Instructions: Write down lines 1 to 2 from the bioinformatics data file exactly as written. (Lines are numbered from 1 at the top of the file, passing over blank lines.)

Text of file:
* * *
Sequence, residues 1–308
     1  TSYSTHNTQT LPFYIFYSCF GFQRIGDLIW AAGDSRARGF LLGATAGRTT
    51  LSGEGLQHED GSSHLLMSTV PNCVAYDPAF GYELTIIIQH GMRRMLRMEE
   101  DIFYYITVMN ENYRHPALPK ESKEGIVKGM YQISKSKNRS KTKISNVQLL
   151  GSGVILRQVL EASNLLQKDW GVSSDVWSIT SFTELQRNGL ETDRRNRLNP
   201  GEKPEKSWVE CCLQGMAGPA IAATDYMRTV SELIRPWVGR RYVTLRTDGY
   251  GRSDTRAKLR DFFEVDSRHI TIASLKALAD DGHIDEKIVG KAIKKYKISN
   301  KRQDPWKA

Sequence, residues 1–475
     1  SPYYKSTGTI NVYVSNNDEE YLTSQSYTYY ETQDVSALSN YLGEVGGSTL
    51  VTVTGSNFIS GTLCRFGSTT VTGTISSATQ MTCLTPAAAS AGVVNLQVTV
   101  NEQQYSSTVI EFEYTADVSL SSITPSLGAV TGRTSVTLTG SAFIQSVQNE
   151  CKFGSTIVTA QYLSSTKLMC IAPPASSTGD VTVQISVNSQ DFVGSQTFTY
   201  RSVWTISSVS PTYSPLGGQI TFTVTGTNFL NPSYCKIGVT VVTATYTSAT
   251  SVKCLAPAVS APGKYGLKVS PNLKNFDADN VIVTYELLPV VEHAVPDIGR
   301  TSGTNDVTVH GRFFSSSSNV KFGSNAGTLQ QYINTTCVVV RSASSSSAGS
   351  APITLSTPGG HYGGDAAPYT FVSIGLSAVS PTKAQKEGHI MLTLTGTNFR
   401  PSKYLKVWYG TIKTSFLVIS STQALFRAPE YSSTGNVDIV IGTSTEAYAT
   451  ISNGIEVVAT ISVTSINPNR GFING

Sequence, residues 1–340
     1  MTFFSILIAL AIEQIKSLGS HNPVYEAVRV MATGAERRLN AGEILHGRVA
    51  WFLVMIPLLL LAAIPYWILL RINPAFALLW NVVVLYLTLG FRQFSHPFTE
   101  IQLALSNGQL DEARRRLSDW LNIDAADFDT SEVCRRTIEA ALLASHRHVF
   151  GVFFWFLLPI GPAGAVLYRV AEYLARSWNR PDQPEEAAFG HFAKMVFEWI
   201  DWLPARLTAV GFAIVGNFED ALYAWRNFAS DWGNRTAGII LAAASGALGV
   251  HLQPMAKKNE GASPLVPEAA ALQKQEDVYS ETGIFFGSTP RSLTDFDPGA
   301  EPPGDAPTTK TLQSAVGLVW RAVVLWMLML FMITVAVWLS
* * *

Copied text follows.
Sequence, residues 1–308
     1  TSYSTHNTQT LPFYIFYSCF GFQRIGDLIW AAGDSRARGF LLGATAGRTT